The Ontario Government announced (this week or last, it’s not clear because it came out of nowhere) that they are planning to amend the Occupiers Liability Act.
For those of you who don’t know, the Occupiers Liability Act sets out the laws for slip and fall cases on private property.
The Occupiers Liability Act describes who an owner is (“occupier“) what their duties are and so forth. It also sets out what an (“invitee“) is, and sets out their rights as well. An occupier has a positive duty both in statute and in common law to ensure that their premises are safe for invitees to their premises. Failure to uphold that duty will result in liability to the occupier. The result is that an insurer will respond to the claim to cover the occupier and indemnify the invitee. If the occupier did not have insurance on their premises, then they will be responsible to pay for the cost of litigation and pay out on the case out of their own pocket (whether that’s a personal or corporate pocket depends on the ownership structure).
The standard limitation period for slip and fall cases is 2 years from the date of loss. Failure to commence a claim within that period of time, will result in a limitation period lapsing. Limitation periods, unless otherwise specified in another act, are set forth in the Limitations Act, 2002.
So when the government announced a proposed amendment to the Occupiers Liability Act, most Plaintiff Personal Injury Lawyers such as Brian Goldfinger raised an eyebrow.
Was there public complaint or outrage regarding the Occupiers Liability Act? No.
Has the Occupiers Liability Act ever been in the news or a hot topic of discussion? No.
Is the Occupiers Liability Act hurting the “Government For The People” people? No.
When is the last time you were at a bar or coffee shop and you engaged in a political or legal discussion about the Occupiers Liability Act and it cramping your style or infringing your rights (either for the better or worse)? Probably Never.
When is the last time you heard a property owner get enraged about the cost of their property insurance? Likely never or certainly not as much as you hear people talk about car insurance because property insurance is NOT mandatory.
This is why this proposed amendment to the Occupiers Liability Act is so baffling and enraging for personal injury lawyers who see the implications of the act every day like Brian Goldfinger.
Here are the proposed amendments which are being made as a Private Members Bill MPP Norman Miller of Parry Sound-Muskoka:
The Bill amends the Occupiers’ Liability Act to provide that no action shall be brought for the recovery of damages for personal injury caused by snow or ice against an occupier, an independent contractor employed by the occupier or, in the case of a tenancy described in subsection 8 (1) of the Act, a landlord, unless, within 10 days after the occurrence of the injury, written notice of the claim and of the injury are served.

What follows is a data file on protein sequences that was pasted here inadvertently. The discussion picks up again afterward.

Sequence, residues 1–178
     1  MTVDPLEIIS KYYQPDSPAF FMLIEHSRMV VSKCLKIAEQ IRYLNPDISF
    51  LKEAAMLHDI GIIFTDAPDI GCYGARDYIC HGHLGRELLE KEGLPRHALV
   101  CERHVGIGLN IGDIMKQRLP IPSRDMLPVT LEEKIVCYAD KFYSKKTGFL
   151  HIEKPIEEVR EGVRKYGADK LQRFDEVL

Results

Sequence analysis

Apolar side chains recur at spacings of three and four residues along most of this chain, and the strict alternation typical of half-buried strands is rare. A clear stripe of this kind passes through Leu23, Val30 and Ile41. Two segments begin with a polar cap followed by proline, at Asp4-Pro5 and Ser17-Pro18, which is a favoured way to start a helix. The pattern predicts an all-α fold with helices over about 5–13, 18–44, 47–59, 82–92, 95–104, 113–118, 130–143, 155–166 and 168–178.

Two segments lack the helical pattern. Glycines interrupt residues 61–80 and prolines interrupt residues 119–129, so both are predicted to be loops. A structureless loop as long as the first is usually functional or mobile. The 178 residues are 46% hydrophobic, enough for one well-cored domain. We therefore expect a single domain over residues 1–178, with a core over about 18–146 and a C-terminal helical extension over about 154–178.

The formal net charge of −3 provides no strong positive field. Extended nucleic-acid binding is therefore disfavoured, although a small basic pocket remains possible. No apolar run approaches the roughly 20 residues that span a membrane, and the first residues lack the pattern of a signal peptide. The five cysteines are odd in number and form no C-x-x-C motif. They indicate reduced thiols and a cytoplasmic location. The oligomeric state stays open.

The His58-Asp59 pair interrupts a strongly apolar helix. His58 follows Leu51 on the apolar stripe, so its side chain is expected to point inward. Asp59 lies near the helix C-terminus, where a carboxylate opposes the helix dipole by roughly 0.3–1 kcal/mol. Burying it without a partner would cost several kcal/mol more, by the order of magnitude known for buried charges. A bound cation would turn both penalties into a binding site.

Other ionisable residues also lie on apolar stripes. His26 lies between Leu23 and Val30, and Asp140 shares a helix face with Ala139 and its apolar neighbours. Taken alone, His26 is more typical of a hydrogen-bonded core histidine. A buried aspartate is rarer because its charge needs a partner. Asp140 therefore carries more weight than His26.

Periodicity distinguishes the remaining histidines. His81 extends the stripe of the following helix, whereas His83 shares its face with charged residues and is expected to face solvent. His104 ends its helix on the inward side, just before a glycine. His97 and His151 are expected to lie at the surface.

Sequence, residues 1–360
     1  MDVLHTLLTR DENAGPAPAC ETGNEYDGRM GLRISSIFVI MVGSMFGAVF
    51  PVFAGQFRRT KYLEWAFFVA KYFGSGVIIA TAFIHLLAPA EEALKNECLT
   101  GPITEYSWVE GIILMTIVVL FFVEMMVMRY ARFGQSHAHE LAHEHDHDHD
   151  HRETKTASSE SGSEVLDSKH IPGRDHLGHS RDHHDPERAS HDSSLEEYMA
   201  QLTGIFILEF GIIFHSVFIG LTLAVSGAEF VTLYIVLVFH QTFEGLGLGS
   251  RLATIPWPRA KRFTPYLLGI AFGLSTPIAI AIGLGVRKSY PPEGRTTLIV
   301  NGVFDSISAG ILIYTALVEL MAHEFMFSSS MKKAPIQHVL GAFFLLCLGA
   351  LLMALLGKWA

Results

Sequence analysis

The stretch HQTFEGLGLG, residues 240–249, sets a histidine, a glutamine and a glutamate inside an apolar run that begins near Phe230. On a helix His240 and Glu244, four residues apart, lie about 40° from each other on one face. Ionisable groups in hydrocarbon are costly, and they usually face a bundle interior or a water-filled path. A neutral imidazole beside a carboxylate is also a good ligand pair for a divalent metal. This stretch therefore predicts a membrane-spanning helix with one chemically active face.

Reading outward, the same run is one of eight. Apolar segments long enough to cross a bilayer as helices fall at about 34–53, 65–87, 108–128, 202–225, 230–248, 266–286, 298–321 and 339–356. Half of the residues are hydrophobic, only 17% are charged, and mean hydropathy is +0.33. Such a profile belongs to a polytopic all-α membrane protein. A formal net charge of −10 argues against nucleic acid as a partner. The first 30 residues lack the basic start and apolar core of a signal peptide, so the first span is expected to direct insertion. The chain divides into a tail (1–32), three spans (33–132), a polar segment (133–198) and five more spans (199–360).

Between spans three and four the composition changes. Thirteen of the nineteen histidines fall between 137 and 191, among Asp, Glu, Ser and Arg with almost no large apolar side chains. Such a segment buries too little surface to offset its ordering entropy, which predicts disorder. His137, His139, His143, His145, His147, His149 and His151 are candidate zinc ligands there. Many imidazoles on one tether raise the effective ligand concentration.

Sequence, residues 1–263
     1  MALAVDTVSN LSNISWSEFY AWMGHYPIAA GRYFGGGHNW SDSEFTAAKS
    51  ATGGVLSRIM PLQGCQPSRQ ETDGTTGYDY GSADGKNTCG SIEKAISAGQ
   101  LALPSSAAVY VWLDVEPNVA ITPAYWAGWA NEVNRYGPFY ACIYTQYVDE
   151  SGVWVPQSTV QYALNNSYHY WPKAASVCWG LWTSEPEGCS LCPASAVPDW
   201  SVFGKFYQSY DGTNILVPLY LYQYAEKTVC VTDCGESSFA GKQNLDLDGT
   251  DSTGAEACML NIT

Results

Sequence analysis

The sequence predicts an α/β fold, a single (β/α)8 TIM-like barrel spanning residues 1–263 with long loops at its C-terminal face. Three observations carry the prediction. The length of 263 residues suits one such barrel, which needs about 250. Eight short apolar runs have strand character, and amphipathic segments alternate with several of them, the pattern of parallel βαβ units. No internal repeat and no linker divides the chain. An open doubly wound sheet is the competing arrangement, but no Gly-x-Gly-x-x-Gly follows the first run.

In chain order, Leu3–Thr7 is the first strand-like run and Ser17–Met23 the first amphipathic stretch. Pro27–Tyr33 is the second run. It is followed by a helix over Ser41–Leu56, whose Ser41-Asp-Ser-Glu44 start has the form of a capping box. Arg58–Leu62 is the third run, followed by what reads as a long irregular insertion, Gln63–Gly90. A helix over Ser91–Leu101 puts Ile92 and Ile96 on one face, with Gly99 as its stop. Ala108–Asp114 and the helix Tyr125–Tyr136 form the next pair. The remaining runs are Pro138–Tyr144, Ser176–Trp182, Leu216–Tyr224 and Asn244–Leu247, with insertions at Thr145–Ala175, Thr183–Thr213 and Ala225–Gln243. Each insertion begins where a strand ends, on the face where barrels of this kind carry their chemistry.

Limitation period – injury from snow, ice
6.1 (1) No action shall be brought for the recovery of damages for personal injury caused by snow or ice against a person or persons listed in subsection (2) unless, within 10 days after the occurrence of the injury, written notice of the claim, including the date, time and location of the occurrence, has been served on one or more of the persons listed in subsection (2).
(3) Failure to give notice is not a bar to the action in the case of the death of the injured person as a result of the injury.
(4) Failure to give notice or insufficiency of the notice is not a bar to the action if a judge finds that there is reasonable excuse for the want or the insufficiency of the notice and that the defendant is not prejudiced in its defence.
Why? Why? Why these changes?!?!?!
The proposed amendment seeks to require written notice from a Plaintiff to a Defendant within 10 days from the date of the slip and fall caused by snow or ice. If you die because of the slip and fall from snow or ice, this 10 day notice provision doesn’t kick in.
Process servers probably LOVE this amendment because every personal injury lawyer will retain a process server to fire off these notice letters. That or registered mail. Either way the process serving industry or Canada Post wins for every winter slip and fall.
All the proposed amendment does is create another barrier to recovery for innocent accident victims in favour of deep pocketed insurers. It creates one additional layer of protection to insurance companies to assist them in denying a claim.
I thought the Government For the People was supposed to look out For the People? This proposed amendment does the exact opposite. It makes Brian Goldfinger mad when governments create barriers to access to justice like this proposed amendment. Shouldn’t we as a society want those who have been injured as a direct result of the wrongdoing of another get the compensation they deserve? Instead of protecting the innocent and empowering accident victims with tools, laws and rights; we are empowering wrong doer Defendants to get away with their negligence/breaches through a technicality.
If a Defendant property owner did nothing wrong, then they should have nothing to worry about. Giving Defendant insurers more tools at their disposal (in addition to their multi million dollar litigation war chest) to fend off these claims is another example of stacking the deck against innocent accident victims in favour of deep pocketed insurers.
There is no rationale behind this law other than a way to save reduce an insurer’s exposure and to save them money. The amount of bending over backwards which governments do (both present and past) for insurance companies (who can’t vote in elections) is baffling. In politics they talk about governments “By the People, For The People“. Instead, we see too often governments formed “By the People, For Big Business“. Make no mistake, insurers are some of the biggest businesses going.